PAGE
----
In the case of Surajmal Banthia & Anr. V. State of West Bengal, the deceased was ill-treated and tortured for several days and even not given food several times. Her father- in-law also misbehaved with her quite often. This is the treatment that several young brides face when they move out of their parents’ home and into the house of her in-laws’. It is the duty of the court to prevent any of these abusers from escaping. The increasing rate of bride burning for want of more dowry and brutal torture of young wives, together with a clear escape of the abuser is a clear indication that the court has not taken any strong measures for the implementation of S. 498A IPC properly.
As stated earlier many a times this victim turns into the abuser and is clearly not wronged but instead wrongs the husband and his family for no fault of theirs. Several cases show that the married woman takes advantage of the section and sends the respondents to jail under the ambit of this section.
Many women rights’ groups justify the abuse of this section as being a common feature with all other laws and that also the ratio of false cases to that of true ones as being very low. But this still does not change the truth that there is slowly a rise in the abuse of S.498A IPC.
In many judgments, the court has not considered mental cruelty caused to the woman but has concentrated only on any sign of physical cruelty. If evidence does not show that the woman was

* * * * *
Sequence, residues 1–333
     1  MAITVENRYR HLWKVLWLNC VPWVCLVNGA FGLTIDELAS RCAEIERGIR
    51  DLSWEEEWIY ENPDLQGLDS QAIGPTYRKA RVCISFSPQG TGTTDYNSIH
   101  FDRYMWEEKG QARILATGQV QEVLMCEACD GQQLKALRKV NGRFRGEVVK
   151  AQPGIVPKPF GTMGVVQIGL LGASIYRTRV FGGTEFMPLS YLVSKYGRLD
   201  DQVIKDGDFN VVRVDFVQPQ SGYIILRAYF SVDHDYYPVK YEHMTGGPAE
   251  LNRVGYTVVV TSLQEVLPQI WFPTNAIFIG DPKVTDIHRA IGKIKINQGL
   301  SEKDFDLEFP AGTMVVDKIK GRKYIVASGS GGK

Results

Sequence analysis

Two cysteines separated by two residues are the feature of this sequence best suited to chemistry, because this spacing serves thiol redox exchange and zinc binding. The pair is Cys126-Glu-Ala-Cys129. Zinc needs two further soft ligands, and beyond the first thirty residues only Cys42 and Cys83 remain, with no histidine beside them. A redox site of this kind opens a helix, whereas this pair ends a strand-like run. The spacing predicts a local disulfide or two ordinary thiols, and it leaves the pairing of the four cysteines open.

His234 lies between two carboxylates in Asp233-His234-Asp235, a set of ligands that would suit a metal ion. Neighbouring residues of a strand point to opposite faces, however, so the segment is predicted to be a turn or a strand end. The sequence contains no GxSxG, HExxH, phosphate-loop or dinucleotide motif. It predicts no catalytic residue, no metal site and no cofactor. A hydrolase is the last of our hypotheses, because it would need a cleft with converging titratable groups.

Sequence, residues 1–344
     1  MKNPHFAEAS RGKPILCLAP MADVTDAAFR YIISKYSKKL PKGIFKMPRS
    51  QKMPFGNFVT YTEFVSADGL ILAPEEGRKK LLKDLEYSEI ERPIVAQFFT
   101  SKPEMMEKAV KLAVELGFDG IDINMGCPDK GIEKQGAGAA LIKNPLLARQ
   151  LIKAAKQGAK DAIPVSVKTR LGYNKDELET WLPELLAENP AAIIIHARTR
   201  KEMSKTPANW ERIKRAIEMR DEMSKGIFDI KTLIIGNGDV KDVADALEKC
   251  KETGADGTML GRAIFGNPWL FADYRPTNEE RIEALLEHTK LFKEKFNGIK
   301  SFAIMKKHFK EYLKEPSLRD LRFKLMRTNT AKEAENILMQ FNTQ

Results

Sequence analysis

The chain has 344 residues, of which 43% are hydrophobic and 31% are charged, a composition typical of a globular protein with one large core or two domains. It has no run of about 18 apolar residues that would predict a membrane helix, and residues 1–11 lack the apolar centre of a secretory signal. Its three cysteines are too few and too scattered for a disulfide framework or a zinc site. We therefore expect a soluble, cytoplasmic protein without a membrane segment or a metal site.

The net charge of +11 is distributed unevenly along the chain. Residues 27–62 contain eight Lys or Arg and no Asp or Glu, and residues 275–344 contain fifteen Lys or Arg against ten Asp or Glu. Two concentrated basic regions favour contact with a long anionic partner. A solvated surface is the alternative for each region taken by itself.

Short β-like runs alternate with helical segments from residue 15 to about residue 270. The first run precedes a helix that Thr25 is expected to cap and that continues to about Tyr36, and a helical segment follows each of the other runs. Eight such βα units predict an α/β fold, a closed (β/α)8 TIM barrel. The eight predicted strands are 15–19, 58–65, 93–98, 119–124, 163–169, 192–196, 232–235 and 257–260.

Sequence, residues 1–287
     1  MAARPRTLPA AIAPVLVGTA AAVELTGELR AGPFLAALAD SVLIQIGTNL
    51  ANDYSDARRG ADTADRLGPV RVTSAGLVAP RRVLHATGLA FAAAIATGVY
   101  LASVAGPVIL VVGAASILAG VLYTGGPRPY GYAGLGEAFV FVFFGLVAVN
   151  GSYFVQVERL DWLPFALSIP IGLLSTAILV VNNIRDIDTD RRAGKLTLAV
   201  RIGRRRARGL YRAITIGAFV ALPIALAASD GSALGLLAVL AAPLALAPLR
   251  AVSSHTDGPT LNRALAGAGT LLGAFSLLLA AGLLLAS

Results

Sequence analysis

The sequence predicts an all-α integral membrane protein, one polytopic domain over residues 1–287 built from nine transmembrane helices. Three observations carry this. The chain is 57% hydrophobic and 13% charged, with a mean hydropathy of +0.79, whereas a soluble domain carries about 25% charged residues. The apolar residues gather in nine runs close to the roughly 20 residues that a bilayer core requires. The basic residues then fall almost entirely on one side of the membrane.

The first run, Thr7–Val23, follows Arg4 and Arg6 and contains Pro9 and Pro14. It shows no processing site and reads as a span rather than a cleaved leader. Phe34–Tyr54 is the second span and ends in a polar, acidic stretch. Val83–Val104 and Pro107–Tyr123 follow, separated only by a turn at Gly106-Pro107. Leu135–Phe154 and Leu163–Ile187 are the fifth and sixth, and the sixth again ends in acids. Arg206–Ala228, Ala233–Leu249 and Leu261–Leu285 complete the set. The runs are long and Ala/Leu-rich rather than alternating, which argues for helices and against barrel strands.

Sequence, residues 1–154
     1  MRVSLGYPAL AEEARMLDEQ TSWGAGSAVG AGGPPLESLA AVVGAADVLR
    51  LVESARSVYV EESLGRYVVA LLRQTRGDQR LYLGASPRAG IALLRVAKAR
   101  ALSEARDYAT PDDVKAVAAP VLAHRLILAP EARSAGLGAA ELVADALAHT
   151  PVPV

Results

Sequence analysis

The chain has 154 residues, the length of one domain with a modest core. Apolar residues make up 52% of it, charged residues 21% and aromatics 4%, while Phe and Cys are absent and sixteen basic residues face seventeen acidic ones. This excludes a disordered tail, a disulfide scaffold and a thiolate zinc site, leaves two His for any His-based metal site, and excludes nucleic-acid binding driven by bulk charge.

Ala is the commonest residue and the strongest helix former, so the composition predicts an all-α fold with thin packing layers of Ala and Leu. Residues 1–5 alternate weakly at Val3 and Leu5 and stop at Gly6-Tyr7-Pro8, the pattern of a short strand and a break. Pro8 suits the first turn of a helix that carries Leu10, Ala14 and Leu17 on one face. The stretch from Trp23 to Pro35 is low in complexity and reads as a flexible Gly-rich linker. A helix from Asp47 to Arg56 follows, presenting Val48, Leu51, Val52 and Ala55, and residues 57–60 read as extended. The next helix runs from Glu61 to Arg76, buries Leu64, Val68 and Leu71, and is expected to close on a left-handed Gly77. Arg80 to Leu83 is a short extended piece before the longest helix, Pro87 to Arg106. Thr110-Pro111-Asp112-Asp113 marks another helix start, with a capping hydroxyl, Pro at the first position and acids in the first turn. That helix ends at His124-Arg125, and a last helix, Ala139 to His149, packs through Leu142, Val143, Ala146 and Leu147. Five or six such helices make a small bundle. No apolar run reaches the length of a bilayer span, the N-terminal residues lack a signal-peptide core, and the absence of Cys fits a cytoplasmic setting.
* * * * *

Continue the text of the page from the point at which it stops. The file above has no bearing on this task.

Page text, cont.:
Physically harassed, then the court does not look into the case. What the court does is call the woman hyper- sensitive or of low tolerance level and having an unstable mind.
Also S.498A IPC does not only deal with dowry deaths but also any willful conduct on part of the husband which causes harm to the wife’s ‘ life, limb or health (whether mental or physical).’To prove that cruelty was caused under Explanation a) of S.498A IPC it is not important to show or put forth that the woman was beaten up- abusing her verbally, denying her conjugal rights or even not speaking to her properly would fall into the ambit of mental cruelty.
Showing any mercy to abusers or giving them the ‘benefit of doubt’ when some proof to torture at their hands is present is completely wrong. Like in the case of Ashok Batra & Ors v Stateeven though letters of the deceased stating that harassment had taken place was present, not treating them as strong evidence and giving the appellants a benefit of doubt without ordering for a further investigation into the matter is wrong.
The judges have in several instances made a very narrow interpretation of this section, considering it to be only cruelty in relation to unlawful demands or dowry demands. In a particular case, the court went to the extent of stating that ‘merely because her in-laws or husband were to chastise the woman for improper or immoral conduct, it does not necessarily amount to cruelty.’ This act of chastising the woman clearly amounts to mental cruelty, something that the court apparently failed to notice. Here, considering the woman to be a hyper- sensitive woman not used to usual wear and tear of social life is completely erroneous.